Acclaimed director Shyam Benegal, who headed the panel that worked on the Central Board of Film Certification (CBFC) revamp, today said that he recommended few changes at the time of awarding certificates, adding it would ease the procedure.
Benegal said that his committee had worked out a report looking at the problems which rattled the film fraternity in the past and submitted it to the government which would be tabled in the Winter Session of Parliament.
"There are certain things which we have said, which are different from what has happened in the past. One of the things we have suggested is that the person, who has made the film, has the right to change it, not anybody else," said Benegal.
"The other change is that we have made other categories so that the classification becomes much more specific which relates to age and maturity. It's a fairly comprehensive report and I believe that it will certainly get passed as it will make a lot of difference," he added.
The Shyam Benegal expert committee on film certification has recommended doing away with the current system of carrying disclaimers during each smoking scene and has instead suggested that there should be just one anti-smoking static warning at the start of the film.
The suggestion by the eight-member panel is based on the need for "smooth viewing of films" which, it has said, is currently disturbed by showing the static warnings in every smoking scene, at the beginning and during intervals.
The panel recently submitted the second part of its report, pertaining to anti-smoking warnings and use of animals in films, to the Ministry of Information and Broadcasting.
In a massive development set to rock the Censor Board and the film industry, the monitoring body is likely to be stripped off its 'censoring' powers and will be left only with the authority to 'certify'.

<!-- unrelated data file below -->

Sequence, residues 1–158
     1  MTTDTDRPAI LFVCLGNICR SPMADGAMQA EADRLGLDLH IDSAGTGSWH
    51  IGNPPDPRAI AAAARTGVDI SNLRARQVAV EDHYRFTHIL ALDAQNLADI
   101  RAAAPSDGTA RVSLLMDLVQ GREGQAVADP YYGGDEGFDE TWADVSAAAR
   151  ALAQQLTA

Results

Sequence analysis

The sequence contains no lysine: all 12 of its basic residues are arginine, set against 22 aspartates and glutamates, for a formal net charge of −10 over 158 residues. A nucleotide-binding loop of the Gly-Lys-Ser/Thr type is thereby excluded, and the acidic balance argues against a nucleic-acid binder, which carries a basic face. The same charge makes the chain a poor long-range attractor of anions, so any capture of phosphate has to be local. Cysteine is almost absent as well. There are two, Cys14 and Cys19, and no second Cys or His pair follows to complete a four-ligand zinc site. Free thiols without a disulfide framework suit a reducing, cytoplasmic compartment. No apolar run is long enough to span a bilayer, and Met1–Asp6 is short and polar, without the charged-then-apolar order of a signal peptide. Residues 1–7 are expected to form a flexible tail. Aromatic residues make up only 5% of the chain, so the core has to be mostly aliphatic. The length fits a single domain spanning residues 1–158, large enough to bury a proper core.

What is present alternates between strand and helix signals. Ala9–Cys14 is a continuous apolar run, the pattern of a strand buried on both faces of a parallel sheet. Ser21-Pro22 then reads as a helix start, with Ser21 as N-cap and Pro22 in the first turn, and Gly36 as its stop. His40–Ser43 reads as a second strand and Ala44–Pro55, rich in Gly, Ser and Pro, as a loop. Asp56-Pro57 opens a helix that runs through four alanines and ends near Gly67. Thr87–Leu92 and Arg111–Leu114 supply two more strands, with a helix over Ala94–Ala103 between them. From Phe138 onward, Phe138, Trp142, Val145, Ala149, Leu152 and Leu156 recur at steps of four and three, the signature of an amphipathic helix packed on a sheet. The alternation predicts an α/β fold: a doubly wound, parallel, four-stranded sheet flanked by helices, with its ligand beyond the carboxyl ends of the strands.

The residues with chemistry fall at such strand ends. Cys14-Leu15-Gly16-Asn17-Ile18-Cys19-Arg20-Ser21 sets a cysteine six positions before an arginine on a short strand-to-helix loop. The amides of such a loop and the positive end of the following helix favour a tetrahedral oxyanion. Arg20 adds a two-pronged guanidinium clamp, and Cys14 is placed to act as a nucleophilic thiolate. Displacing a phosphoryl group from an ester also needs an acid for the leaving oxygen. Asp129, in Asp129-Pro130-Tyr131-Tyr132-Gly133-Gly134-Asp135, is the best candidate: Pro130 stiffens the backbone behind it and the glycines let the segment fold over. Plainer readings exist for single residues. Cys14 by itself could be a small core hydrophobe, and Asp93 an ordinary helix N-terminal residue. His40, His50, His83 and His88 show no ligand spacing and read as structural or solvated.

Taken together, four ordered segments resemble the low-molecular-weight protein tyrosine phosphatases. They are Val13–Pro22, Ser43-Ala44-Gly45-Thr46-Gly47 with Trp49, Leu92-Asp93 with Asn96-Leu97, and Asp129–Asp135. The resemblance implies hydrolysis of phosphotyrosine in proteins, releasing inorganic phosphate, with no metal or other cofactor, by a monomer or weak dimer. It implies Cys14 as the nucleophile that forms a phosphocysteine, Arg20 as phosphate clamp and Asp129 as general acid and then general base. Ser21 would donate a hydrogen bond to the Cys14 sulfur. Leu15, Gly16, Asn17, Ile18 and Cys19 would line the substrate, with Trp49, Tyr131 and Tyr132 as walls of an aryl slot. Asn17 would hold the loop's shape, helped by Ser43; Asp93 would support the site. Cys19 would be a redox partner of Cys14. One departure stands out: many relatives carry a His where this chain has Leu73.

According to Information and Broadcasting sources, the Ministry is working on major changes in the Cinematography Act and the Bill will be introduced in the Winter Session of Parliament.
In the wake of the recent furore by the film industry under CBFC chairman Pahlaj Nihalani, the government has expressed its desire to avoid any further controversies.
Sources further stated the entire film certification process will be reworked and changed, adding there will be two committees: one for reviewing and the other for monitoring.
The films will be given certificates under following categories: U12+, U15+, A and A+ (for extreme violence and sex scenes).
Asserting there is no mention of the word "censor" in the CBFC, the Bombay High Court had earlier in June pulled up the board for demanding 89 cuts in 'Udta Punjab' to grant a certificate for its release, while directing it to use its power as per the constitutional provisions and directions issued by the Supreme Court.
The High Court observed, "There is no mention of the word 'censor' in the board. The board should use its powers under the constitutional framework and the Supreme Court's directions.
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